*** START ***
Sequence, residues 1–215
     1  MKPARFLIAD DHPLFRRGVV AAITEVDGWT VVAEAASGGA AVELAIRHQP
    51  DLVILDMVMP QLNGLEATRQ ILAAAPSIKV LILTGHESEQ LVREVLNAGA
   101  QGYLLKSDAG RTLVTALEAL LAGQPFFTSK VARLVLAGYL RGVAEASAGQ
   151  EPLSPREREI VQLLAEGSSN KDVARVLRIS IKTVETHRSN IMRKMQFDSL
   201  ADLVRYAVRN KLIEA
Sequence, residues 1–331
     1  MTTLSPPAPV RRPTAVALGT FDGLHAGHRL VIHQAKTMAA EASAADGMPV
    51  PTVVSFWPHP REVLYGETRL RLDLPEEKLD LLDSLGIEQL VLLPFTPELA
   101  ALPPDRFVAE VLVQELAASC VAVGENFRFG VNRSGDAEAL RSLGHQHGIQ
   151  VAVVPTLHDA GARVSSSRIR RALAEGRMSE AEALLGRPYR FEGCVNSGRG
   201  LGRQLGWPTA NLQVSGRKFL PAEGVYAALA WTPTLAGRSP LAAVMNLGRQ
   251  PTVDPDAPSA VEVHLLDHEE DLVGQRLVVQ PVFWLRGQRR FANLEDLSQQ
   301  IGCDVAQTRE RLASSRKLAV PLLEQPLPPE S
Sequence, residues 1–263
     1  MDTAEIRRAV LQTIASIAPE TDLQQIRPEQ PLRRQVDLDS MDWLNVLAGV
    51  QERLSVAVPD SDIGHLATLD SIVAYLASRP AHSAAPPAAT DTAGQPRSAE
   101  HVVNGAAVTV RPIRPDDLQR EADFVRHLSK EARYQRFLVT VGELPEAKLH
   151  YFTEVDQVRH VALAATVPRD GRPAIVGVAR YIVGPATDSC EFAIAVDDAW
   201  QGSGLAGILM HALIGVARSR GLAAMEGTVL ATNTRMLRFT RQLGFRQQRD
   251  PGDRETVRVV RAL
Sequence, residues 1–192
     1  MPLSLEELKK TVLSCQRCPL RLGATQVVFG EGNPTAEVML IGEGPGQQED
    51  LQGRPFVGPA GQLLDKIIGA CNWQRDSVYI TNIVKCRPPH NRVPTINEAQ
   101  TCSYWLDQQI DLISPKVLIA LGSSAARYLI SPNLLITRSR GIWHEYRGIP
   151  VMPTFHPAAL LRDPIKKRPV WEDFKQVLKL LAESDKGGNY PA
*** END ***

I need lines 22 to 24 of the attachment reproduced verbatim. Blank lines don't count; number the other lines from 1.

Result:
Sequence, residues 1–192
     1  MPLSLEELKK TVLSCQRCPL RLGATQVVFG EGNPTAEVML IGEGPGQQED
    51  LQGRPFVGPA GQLLDKIIGA CNWQRDSVYI TNIVKCRPPH NRVPTINEAQ